Oil prices rose slightly on Monday as traders remained cautious despite receding fears of a recession in the U.S., which drove prices down for three straight weeks for the first time since November.
U.S. West Texas Intermediate (WTI) crude futures were up $2.08, also 2.90%, at $73.40.
“Oil’s rebound follows energy stocks’ comeback on Wall Street last Friday after the U.S. reported strong job data, which eased concerns about an imminent economic recession that led to the selloff early in the week,” said Tina Teng, an analyst at CMC Markets.
Fears that the U.S. banking crisis will slow the economy and sap fuel demand in the world’s biggest oil consuming nation drove the Brent benchmark down 5.3% last week, while WTI plunged 7.1%.
However a healthy U.S. jobs report for April, a weaker dollar, and expectations of supply cuts at the next meeting of the Organization of the Petroleum Exporting Countries and allies, together called OPEC+, in June, helped the benchmarks rebound about 4% each on Friday.
“Crude prices are trying to stabilize as energy traders wait to see if OPEC+ might have to signal they are willing to reduce output even further,” said Edward Moya, an analyst at OANDA.
Goldman Sachs analysts said in a note on Saturday that concerns over near-term demand due to stress in the U.S. banking system and an industrial slowdown, and elevated global supply due to limited compliance with OPEC+ cuts were “overblown”.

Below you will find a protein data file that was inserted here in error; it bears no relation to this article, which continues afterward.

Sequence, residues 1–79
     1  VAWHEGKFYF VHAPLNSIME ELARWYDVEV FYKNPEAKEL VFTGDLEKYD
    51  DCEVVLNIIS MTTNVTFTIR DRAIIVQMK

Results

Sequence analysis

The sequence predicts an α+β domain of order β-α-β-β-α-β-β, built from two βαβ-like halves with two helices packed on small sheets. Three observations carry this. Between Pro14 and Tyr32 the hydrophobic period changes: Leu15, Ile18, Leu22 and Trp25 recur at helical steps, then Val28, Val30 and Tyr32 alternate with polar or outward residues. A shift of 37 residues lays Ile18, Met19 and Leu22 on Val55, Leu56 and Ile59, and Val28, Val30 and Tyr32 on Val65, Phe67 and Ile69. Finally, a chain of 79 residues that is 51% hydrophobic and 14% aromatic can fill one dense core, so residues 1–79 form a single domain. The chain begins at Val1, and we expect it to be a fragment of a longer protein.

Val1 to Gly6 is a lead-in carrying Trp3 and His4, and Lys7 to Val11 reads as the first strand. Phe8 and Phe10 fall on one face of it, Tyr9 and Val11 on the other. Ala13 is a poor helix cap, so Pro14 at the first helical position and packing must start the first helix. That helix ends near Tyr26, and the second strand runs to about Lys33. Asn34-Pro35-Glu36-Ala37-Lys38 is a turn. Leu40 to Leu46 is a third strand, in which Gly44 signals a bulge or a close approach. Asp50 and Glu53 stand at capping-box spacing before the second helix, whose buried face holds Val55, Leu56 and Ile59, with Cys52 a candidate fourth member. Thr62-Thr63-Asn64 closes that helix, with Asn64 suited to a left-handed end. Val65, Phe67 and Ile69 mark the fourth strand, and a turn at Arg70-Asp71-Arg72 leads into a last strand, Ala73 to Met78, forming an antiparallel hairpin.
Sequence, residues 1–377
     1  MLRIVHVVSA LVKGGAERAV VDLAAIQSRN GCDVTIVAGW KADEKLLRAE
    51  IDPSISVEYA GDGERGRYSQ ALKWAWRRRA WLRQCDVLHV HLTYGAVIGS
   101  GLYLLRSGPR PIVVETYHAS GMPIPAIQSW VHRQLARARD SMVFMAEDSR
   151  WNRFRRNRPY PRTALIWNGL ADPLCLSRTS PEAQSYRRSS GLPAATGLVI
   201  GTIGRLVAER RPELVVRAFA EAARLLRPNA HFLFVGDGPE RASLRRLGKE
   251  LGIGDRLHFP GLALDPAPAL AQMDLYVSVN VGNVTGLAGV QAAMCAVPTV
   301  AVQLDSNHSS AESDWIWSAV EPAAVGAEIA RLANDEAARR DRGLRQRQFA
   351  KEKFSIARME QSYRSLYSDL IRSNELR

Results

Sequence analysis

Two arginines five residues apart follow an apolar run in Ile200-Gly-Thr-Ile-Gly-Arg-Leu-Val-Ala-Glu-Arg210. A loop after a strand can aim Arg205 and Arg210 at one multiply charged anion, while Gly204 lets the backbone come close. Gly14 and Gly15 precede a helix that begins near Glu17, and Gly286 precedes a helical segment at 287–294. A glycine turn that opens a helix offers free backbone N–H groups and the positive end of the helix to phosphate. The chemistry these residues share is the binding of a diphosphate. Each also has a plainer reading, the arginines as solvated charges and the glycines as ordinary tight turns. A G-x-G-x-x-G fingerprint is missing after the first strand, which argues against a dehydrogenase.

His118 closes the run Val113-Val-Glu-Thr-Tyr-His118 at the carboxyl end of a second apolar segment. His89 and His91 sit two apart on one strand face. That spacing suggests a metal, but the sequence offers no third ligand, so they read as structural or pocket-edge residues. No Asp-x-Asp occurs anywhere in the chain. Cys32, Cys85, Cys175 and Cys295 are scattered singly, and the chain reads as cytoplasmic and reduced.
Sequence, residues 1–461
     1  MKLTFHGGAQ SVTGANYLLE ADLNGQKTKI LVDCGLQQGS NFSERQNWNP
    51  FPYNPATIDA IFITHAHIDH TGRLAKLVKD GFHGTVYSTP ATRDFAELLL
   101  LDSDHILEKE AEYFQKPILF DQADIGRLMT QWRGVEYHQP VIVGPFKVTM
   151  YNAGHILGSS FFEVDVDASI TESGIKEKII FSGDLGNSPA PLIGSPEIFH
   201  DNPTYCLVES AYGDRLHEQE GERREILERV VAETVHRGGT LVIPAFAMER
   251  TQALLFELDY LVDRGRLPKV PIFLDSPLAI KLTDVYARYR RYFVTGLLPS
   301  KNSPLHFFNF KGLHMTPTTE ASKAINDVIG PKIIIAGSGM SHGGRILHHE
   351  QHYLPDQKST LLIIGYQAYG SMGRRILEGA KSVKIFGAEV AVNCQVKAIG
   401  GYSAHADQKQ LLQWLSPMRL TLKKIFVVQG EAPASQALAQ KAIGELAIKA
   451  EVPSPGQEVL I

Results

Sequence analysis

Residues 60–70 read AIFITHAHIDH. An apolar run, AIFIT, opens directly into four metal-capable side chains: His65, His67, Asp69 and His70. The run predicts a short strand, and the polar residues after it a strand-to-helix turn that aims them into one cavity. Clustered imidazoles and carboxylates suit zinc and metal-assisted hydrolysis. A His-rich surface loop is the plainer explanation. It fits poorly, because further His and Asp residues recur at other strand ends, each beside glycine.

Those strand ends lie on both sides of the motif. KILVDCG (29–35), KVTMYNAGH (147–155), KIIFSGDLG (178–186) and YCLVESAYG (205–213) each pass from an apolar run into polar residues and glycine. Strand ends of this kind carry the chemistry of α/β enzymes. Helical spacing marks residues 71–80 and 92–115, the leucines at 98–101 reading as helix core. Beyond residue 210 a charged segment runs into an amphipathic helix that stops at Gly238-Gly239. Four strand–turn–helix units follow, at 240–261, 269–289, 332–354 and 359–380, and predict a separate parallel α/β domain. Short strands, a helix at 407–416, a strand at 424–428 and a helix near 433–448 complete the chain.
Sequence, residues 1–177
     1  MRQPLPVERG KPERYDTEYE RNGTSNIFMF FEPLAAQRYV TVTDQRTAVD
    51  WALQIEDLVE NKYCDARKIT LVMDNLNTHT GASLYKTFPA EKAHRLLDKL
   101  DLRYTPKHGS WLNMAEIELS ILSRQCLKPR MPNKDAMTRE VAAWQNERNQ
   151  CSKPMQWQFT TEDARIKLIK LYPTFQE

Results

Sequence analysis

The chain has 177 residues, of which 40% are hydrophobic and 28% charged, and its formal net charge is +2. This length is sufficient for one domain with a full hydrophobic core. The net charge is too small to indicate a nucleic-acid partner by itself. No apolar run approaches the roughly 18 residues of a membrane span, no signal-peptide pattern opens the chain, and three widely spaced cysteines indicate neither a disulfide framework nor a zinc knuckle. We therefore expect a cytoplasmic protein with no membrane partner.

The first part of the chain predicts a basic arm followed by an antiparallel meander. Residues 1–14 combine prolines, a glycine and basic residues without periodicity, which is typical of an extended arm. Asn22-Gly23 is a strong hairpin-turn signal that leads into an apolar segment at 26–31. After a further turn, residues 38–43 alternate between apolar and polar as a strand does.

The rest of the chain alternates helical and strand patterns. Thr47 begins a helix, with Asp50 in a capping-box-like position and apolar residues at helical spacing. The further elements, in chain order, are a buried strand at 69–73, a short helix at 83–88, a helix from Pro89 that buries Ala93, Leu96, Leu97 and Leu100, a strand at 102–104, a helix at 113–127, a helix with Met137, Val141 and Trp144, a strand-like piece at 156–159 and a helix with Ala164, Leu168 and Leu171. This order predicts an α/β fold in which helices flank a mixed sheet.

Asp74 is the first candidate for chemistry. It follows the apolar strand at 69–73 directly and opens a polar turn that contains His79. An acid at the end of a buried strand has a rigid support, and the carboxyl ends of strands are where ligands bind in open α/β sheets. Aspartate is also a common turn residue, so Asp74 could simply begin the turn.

The investment bank maintained its Brent price forecast of $95 per barrel by December and $100 by April. ANZ Research analysts said they believed that the market focus would now shift away from economic concerns to tightening oil supply.
The United States is expected to report consumer price inflation figures for April on Wednesday, which could provide further clues on interest rate moves amid broad expectations that the U.S. Federal Reserve will pause rate hikes.
Traders this week will also keenly watch Chinese economic indicators including trade, inflation, lending and money supply figures for April, as market participants continue to gauge economic recovery in the world’s second largest oil consumer.
“Crude prices may continue to take the rebounding tailwind,” CMC Markets’ Teng said.